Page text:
When MinD and MinE are reconstituted on a flat supported membrane, topped by a uniform buffer, these proteins self-organize into traveling waves via an ATP-driven reaction-diffusion mechanism [ 74 ]. Such simplified flat membrane systems have been used extensively by us and others to investigate the effects of lipid and buffer composition, as well as mutations in MinD and MinE, on the formation and properties of Min patterns [ 75 — 79 ], and to achieve external photo- control over self-organization [ 80 ].

Although the experiments above were performed in the presence of a two-dimensional, non-enclosed membrane system, the simplicity of the setup allowed the efficient establishment of suitable conditions for the functionality and compatibility of different components as well as the potential to modulate the spatiotemporal properties of Min patterns in a predictable fashion.

We and others have also reconstituted Min protein patterns in more cell-like settings, such as in PDMS microcompartments [ 60 , 61 , 84 ], in lipid droplets [ 85 ], on the outside of lipid vesicles [ 86 ], and—most recently and relevant for this review—inside lipid vesicles [ 87 ] Fig. These studies established which types of patterns form under different geometric constraints and, with regard to the reconstitution in droplets and vesicles, confirmed that Min oscillations can occur inside lipid-mono- or -bilayer-enclosed compartments.

Potential roles of these mechanical effects in cell division could be explored in future studies. Notably, the Min system has also been combined with additional division-related proteins in some of the above-mentioned cell-like systems.

Synthetic cell division via membrane-transforming molecular assemblies

Moreover, oscillations of Min proteins in PDMS microcompartments resulted in a time-averaged concentration gradient of MinC with maxima at the poles and minimum in the middle [ 61 ]. Very recently, our lab has shown that—even in the absence of MinC—MinD and MinE can support the anticorrelated movement and oscillation of model membrane proteins, including mCherry fused to various membrane targeting sequences, lipid-anchored streptavidin and FtsZ-YFP-MTS [ 88 ].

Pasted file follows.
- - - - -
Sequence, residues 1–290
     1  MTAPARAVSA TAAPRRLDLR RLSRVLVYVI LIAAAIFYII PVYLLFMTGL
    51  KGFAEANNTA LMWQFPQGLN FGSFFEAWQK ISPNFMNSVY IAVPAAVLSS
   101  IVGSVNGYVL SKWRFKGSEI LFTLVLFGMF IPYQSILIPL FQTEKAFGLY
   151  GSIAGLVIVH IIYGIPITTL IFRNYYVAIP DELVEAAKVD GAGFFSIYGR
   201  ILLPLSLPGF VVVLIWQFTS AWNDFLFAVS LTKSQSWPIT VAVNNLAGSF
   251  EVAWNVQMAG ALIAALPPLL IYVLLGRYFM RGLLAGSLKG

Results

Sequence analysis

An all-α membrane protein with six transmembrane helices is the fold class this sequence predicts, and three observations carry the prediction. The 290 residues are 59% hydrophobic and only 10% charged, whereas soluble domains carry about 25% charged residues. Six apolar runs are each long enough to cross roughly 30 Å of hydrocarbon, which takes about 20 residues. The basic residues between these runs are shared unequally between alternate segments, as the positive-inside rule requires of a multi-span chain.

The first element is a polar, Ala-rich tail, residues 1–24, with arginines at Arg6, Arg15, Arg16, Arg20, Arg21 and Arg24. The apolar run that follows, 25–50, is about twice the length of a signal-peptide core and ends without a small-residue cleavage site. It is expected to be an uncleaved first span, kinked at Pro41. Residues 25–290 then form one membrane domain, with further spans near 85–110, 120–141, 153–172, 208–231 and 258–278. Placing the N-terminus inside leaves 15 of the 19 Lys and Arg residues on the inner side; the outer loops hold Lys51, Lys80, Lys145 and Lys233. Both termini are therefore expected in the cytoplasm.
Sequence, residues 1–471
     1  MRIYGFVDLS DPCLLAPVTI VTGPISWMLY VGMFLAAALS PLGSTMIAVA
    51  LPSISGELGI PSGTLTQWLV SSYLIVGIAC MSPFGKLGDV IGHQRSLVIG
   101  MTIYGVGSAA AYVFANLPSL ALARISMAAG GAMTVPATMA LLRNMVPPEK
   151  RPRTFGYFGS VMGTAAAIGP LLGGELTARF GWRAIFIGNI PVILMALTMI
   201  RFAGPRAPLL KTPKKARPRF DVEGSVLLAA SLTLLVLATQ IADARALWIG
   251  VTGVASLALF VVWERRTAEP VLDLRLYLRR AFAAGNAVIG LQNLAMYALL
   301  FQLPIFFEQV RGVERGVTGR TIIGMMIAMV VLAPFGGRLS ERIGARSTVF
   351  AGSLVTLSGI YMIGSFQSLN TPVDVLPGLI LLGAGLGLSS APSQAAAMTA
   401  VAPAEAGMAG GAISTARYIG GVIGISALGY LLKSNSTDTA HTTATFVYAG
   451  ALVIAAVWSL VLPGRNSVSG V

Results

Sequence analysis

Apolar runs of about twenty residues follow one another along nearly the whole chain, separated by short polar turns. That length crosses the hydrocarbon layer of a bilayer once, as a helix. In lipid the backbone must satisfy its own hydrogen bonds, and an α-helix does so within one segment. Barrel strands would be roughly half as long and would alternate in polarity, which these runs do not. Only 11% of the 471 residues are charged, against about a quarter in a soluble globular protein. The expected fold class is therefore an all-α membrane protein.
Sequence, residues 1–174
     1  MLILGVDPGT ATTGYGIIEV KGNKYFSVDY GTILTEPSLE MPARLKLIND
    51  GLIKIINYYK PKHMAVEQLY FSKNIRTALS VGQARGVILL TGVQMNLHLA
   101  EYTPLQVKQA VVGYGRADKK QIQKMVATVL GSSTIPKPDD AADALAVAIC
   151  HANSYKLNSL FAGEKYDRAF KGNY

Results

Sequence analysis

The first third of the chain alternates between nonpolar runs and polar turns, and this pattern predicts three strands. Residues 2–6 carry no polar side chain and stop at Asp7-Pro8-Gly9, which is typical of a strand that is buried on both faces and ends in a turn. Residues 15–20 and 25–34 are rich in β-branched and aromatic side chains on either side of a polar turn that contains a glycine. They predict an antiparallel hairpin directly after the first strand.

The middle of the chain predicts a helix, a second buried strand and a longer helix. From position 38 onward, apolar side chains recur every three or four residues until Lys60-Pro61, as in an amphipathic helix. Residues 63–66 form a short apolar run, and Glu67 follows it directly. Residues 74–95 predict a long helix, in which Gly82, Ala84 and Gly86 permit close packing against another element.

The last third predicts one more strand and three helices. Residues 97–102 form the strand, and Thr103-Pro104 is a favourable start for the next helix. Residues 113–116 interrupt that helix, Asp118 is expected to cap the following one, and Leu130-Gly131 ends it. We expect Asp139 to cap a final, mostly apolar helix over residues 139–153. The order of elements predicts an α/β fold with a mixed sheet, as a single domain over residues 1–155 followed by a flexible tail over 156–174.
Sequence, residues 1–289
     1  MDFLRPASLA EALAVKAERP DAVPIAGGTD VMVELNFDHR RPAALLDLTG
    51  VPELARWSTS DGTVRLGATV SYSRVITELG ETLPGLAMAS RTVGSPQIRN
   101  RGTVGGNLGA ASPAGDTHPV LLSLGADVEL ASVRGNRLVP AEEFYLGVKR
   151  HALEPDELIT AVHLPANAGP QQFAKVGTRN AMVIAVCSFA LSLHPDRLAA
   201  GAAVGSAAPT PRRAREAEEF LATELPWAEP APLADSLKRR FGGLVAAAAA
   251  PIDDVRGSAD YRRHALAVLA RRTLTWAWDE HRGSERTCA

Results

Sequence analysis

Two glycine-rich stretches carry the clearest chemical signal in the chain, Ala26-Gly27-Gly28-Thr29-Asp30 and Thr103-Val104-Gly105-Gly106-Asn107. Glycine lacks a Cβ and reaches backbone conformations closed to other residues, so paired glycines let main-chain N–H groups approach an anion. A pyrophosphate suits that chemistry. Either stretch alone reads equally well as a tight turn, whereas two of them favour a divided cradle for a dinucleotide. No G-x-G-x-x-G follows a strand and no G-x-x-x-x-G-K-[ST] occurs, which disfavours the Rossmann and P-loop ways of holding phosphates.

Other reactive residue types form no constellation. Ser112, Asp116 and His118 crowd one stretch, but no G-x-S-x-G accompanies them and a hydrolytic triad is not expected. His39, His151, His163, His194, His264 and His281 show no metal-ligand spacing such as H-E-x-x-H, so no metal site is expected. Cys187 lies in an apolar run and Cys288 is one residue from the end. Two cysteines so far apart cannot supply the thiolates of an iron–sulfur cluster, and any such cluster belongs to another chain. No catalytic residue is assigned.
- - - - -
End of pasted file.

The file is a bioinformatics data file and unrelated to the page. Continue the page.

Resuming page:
Moreover, if the proteins are permanently anchored to the membrane, MinDE oscillations can localize them to the middle of a microcompartment [ 88 ]. This implies that MinD and MinE are sufficient to generate a generic cue for the localization of membrane proteins, which may also be relevant for simplified divisome localization machineries. Challenges for the in vitro reconstitution of divisome elements Despite the progress in reconstituting bacterial divisome elements in vitro, several challenges remain to be addressed.

BMC Molecular and Cell Biology | Cell division and cell cycle control

First, it has still not been experimentally demonstrated that FtsZ can reproducibly exert sufficient forces to constrict and divide a lipid vesicle from the inside. Quantitative measurements of potential forces generated by FtsZ could resolve its sufficiency or contribution for vesicle division. Second, while FtsZ forms dynamic rings and the Min system is capable of gradient-forming pole-to-pole oscillations in vitro, the integration of both phenomena is not as trivial as may seem. Although several factors, like lipid composition, crowding agents and the concentration and functional features of Min proteins have been identified that modulate the length scale of Min patterns [ 60 , 75 , 76 , 78 ], Min oscillations have not yet been realized in a cell-sized compartment, but rather in compartments scaled to the dimensions of in vitro Min patterns [ 60 , 84 ], which are around an order of magnitude larger than the in vivo patterns [ 74 ].

Pachytene : Crossing over occurs between non-sister chromatids of ho- mologous chromosomes. Diplotene : Dissolution of synaptonemal complex occurs and the recom- bined chromosomes separate from each other except at the sites of crossing over. These X-shaped structures are called chaismata.

Anaphase I : Homologous chromosomes separate while chromatids re- main associated at their centromeres. Interkinesis : Stage between two meiotic divisions. Significance of Meiosis 1.

Formation of gametes : In sexually reproducing organisms. Genetic variability 3. Maintenance of chromosomal number : By reducing the chromosome number in gametes.